The return of Bas van Huizen is a welcome late-season surprise. We last heard from the Dutch artist under his Shoganai moniker, with an album that made our Top Ten Drone of 2013. The tracks here may be a little older, but they seem timeless. van Huizen’s style – dark yet covertly melodic – breaks through the boundaries of the genre into something more literary, as these pieces were conceived as a collection of short sonic stories.
The teaser video (seen below) is reminiscent of the artist’s Domaine de la lutte, which appeared half a decade ago as promotion for a Stig Inge Oy album. To call the visuals strange would be an understatement. Simultaneously creepy and elegant, this short work serves as a metaphor for the album. Human heads appear on animal bodies, and vice versa; eyes dart furiously in boxed enclosures; a wrinkled old man blinks his unsettling eyes toward the camera.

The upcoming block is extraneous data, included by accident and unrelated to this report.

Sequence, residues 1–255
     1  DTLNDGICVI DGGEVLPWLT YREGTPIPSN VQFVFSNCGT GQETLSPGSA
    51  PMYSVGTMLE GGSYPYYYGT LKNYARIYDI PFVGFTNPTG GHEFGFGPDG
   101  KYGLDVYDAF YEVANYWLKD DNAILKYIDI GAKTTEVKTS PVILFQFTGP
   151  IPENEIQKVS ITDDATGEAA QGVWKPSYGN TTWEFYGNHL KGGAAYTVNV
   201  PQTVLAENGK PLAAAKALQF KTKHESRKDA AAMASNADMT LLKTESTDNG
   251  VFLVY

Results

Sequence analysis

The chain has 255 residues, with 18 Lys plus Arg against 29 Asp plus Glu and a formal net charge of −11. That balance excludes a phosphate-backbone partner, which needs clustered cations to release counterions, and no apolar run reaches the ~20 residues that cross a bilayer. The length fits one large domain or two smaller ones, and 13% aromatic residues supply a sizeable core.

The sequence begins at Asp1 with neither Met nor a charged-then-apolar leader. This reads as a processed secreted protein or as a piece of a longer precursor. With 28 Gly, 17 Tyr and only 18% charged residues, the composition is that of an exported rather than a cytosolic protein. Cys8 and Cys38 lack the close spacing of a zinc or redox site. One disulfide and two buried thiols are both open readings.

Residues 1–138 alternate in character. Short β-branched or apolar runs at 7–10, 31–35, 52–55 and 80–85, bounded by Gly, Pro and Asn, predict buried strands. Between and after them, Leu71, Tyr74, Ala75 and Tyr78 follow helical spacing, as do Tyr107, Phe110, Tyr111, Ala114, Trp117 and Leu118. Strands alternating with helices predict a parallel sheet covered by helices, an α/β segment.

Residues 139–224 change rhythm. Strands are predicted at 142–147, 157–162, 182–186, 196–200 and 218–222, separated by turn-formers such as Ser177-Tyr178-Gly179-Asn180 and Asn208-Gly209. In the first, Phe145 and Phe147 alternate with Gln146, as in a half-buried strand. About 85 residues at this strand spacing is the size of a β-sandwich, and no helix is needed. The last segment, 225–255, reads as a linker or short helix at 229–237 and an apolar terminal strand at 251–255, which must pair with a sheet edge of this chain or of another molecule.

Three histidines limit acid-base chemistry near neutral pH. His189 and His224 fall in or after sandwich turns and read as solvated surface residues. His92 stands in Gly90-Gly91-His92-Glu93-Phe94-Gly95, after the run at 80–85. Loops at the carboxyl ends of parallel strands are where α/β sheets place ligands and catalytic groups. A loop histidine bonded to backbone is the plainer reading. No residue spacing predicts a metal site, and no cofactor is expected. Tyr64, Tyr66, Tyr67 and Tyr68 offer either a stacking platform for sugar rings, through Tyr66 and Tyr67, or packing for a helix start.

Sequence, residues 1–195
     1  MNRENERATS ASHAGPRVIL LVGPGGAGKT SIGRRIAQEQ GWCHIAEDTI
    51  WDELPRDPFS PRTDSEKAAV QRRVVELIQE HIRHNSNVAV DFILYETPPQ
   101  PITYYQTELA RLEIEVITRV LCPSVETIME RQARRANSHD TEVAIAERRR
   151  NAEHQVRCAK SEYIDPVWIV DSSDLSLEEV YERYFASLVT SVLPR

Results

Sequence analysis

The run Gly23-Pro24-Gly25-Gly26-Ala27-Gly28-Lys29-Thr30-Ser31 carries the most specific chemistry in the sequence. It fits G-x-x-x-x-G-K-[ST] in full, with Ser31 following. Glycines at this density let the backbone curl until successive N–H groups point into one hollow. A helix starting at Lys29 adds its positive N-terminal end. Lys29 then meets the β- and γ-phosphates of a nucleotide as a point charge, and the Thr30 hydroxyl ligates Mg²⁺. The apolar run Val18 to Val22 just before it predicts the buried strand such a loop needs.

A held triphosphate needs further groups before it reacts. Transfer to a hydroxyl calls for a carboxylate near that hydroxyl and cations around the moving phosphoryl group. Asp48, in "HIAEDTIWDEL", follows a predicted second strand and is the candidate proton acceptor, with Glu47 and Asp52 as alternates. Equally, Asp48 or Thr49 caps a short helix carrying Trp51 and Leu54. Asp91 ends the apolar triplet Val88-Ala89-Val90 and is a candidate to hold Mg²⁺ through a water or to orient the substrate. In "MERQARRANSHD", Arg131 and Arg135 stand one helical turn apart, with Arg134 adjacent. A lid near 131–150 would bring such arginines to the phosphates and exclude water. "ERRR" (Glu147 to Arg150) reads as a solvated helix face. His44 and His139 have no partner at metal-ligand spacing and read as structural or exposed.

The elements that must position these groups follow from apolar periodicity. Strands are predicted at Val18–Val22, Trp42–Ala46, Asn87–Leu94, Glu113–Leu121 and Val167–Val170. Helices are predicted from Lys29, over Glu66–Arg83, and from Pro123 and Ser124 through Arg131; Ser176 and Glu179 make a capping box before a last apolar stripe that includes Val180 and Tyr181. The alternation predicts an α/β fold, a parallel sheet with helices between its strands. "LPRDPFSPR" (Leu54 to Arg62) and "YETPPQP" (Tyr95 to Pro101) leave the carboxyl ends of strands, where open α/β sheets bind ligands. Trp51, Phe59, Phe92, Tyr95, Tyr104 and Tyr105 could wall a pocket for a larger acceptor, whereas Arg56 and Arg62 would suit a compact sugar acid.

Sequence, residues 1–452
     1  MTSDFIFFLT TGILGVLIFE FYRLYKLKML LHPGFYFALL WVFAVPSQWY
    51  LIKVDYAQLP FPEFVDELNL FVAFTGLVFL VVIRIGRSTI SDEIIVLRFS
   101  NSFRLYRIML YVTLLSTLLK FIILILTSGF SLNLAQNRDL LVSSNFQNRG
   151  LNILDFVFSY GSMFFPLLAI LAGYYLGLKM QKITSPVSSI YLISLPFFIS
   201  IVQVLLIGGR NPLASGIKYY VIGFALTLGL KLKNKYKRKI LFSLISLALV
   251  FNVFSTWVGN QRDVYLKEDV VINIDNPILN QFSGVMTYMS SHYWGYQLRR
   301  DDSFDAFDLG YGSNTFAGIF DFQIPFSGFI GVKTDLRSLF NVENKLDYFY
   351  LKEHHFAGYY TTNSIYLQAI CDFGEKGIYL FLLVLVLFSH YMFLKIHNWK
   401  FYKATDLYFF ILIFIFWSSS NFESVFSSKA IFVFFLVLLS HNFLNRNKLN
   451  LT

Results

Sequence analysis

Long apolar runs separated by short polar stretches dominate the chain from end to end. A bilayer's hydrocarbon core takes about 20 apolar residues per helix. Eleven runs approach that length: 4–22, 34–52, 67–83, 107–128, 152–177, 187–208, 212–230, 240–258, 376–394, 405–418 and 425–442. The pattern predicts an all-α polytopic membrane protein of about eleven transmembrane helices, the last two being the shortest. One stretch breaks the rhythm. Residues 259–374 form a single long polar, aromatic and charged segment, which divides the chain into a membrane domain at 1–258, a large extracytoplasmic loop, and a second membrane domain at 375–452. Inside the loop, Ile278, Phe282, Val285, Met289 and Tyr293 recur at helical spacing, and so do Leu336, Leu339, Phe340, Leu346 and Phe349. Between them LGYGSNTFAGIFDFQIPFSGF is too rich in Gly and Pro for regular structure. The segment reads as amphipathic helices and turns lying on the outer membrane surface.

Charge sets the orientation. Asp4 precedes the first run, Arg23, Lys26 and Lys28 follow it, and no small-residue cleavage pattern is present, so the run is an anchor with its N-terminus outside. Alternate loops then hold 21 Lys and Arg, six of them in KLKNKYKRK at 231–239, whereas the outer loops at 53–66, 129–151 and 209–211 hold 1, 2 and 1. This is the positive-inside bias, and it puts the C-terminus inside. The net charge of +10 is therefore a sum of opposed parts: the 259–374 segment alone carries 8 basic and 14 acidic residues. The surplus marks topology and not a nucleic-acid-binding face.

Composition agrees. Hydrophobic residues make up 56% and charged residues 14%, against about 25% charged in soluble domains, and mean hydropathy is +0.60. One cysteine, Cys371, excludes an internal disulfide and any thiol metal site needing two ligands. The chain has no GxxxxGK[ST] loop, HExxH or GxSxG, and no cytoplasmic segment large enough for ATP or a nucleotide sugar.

As to the drones themselves: van Huizen’s work is thicker and more musical than that of his contemporaries, rich in texture and dynamic contrast. Sometimes it’s a glitch, sometimes a guitar, sometimes a singing bowl, but the mix is always in motion, tumbling like a kaleidoscope. When one listens with headphones (or increases the volume of one’s speakers), one also begins to appreciate the artist’s attentiveness to stereo effects. The fields are sown with drone, but tiny sounds sprout and roam about. Whether scrape or chime, swirl or chord, they dance on the edges of wheat. Without the video, one might consider such sounds sublime rather than foreboding, but with the video, one wonders at the creatures who might lie just beyond our vision, toying with our blind spots, swinging from the stalks. By creating a phantasmagorical visual world, van Huizen inspires a matching aural world. Together they form a unique universe that could only have been formed by this singular mind. (Richard Allen)